The 'Housewives' Reach Critical Mass

It's really gotten time they put Real Housewives of Beverly Hills to bed.

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It's a bit trite to say this about one of Bravo's dogs-off-a-leash programs at this point in television's ignoble history, but good grief can we please put the Real Housewives of Beverly Hills to bed? After last night's episode? It's just too much. Everyone's all worked up, people are saying things they don't mean or understand, everyone just needs to cool down, sit quietly for a moment, maybe drink some warm milk or something, and go to bed.

Not that this exhausting season hasn't been entertaining. Of course it has! With the ace additions of Brandi Glandi and Dana's $25,000 sunglasses it's been a hoot. Well, partly a hoot. That stuff has been funny, and there have been moments of pure black excitement over the strange developments with strange Kim Richards, but of course there's also been all the business with Taylor and her soon-to-be-late husband Russell. Stuff about spousal abuse, while the specter of a suicide looms large over the proceedings. And that's a bit much, don't you think? Like, it's been 14 episodes already.

Used to be these shows were only about 12 episodes a season, but now, sheesh, now they drag them out to something like 18. It's exhausting! And the ladies look exhausted too. They're swimming in the middle of the book and have no idea where they are, what shore they're heading to and which one they came from. Context has become so vague, points of reference so blurry, this far out to sea. What we roughly know is that Brandi Glandi had a wine party (to distinguish this party as a wine party was funny, because aren't all of their parties essentially wine parties?) on some storm-blasted spit of rock in Malibu and all the women (minus Dana, curiously) were in attendance and tensions were running high. Because of the fight/discussion Camille and Maloof had with Taylor last week about Russell's physical abuse -- that awful, uncomfortable scene of self-righteous bellowing and meek lady cowering.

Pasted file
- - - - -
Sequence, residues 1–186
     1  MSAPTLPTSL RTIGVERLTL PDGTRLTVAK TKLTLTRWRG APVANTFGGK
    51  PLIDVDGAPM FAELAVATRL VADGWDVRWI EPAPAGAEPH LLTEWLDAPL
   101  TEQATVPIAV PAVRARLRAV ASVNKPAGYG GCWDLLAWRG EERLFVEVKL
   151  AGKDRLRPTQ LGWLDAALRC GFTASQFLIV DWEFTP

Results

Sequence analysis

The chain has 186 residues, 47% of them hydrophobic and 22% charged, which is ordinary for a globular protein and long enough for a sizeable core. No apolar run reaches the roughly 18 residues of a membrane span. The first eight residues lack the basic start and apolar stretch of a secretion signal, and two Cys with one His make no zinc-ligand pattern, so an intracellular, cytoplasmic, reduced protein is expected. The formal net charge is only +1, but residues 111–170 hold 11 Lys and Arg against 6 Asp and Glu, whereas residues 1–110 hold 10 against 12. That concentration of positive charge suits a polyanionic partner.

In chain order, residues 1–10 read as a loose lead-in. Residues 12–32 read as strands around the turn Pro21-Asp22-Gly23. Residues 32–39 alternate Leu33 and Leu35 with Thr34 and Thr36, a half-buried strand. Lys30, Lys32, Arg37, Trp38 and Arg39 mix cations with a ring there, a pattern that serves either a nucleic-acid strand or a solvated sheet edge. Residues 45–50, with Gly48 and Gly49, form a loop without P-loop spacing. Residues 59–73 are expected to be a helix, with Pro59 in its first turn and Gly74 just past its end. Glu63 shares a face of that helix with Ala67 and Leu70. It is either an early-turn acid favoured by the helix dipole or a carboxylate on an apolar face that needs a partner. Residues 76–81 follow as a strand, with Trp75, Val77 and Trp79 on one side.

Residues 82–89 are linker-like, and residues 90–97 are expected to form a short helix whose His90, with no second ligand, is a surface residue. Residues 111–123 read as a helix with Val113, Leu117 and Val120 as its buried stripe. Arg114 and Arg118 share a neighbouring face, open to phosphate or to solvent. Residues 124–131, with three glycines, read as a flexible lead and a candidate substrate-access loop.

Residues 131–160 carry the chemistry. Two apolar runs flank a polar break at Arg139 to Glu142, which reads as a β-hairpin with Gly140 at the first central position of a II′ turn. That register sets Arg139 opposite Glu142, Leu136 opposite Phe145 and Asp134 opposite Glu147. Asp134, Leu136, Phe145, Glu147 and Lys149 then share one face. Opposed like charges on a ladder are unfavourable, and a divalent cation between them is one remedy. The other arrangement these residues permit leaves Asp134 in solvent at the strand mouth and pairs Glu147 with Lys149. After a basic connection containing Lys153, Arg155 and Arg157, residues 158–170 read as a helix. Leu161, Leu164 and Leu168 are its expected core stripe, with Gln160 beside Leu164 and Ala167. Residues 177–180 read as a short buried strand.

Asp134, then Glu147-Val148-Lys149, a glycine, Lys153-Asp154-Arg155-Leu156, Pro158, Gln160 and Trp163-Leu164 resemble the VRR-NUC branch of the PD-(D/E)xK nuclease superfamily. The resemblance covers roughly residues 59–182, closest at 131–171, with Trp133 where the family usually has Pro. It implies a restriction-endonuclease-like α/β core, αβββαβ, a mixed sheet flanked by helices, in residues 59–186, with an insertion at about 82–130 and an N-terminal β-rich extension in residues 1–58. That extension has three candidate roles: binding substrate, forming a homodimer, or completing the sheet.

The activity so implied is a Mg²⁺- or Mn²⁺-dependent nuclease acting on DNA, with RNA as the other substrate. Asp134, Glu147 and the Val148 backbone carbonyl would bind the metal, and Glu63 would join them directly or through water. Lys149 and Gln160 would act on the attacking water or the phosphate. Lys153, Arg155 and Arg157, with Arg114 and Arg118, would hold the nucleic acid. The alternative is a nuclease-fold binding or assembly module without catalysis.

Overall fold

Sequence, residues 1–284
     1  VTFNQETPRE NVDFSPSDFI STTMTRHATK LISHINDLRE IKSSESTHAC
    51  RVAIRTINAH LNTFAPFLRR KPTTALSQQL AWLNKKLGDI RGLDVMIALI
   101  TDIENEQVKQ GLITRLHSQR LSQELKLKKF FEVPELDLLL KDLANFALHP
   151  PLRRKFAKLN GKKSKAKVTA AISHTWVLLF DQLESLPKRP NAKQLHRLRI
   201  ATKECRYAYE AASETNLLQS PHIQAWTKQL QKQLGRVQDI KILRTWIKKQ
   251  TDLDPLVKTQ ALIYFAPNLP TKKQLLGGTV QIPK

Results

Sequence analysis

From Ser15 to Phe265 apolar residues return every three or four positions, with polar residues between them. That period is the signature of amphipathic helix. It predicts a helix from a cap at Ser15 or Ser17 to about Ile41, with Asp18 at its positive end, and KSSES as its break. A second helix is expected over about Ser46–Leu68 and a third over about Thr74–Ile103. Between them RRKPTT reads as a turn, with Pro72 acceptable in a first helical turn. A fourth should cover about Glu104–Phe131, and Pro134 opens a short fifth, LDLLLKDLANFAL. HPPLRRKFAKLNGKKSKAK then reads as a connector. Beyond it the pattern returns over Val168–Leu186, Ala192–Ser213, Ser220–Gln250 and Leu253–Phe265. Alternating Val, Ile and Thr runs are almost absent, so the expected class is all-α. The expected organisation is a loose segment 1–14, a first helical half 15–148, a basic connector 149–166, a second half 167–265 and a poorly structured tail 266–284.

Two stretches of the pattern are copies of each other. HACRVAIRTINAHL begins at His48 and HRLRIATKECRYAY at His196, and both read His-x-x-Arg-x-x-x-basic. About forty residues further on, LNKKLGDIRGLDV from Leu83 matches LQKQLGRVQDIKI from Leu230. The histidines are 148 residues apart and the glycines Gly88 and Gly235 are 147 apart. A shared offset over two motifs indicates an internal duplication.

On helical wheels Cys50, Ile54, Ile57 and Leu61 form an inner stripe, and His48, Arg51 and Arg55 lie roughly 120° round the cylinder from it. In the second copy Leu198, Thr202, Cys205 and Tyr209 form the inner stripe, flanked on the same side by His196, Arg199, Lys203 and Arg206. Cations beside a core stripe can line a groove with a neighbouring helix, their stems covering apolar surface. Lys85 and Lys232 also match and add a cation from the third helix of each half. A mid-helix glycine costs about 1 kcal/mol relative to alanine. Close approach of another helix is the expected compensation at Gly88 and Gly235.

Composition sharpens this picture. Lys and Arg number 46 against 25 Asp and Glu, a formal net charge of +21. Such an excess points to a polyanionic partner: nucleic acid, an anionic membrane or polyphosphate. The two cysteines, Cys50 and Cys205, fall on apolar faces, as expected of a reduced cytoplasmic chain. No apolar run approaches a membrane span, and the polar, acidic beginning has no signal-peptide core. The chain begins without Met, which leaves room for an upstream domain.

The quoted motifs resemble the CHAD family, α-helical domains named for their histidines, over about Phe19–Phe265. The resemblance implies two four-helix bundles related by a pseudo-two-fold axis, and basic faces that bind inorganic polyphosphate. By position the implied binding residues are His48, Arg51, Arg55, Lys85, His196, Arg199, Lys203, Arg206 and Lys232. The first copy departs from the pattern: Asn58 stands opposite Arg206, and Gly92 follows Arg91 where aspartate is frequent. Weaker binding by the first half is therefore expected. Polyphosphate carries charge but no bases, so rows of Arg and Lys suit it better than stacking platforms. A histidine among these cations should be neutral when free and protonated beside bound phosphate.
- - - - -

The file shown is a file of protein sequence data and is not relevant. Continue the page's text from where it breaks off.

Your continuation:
At the wine party, Taylor didn't want to talk to anybody, Camille's always intrusive friends wanted to get Taylor to talk to Camille, Brandi Glandi just wanted everyone to have a fun, sexy, elegant time, and Kyle Richards, the ol' creaky cut-up, just wanted to make everyone laugh, all a mechanically desperate way to be the center of attention. (The actor is strong in that one.) And it was just so tiring to watch, everyone hopped up on Diet Coke and exercise pills, glugging down their wine, all knowing this couldn't possibly end well. And then it did, eventually, devolve into Taylor stretched across a table, screaming and clawing at one of Camille's friends, the friend shouting back, Camille looking faux-bewildered, and poor Brandi Glandi weeping softly in a corner because she just wanted to fit in and now her windswept wine party was a shrieking disaster. (She'll soon realize, of course, that in Housewives terms, this party was a wild success.)

And funny things happened, for sure. Like the mother of reality stain Brody Jenner (yes of The Hills and also the Kardashians) speaking philosophically about how the big ocean "will be here long after we're gone" and saying "we're an evolved species, we shouldn't fight like this." That stuff was fresh, and original, and funny, as was a satisfying running gag in the episode about Cheetos, but all the Taylor yelling and subsequent back-of-a-limo breakdowning (these women have cried in limos more than many people have been in regular cars), complete with lighting the filter of a cigarette on fire, was just... no. They cannot sustain that, should not sustain it, any longer. It's done, we're done. The brick wall's been hit, we've cut too far and reached bone, it's just all gotten too grim. There is nothing fun or frivolous about this disagreement, nothing shallow or ultimately inane. This is an abused woman defending a husband who will later hang himself. That's what last night's episode of a Bravo reality show was about.

No more! Let's be done. But, sigh, next week isn't even the finale.

This article is from the archive of our partner The Wire.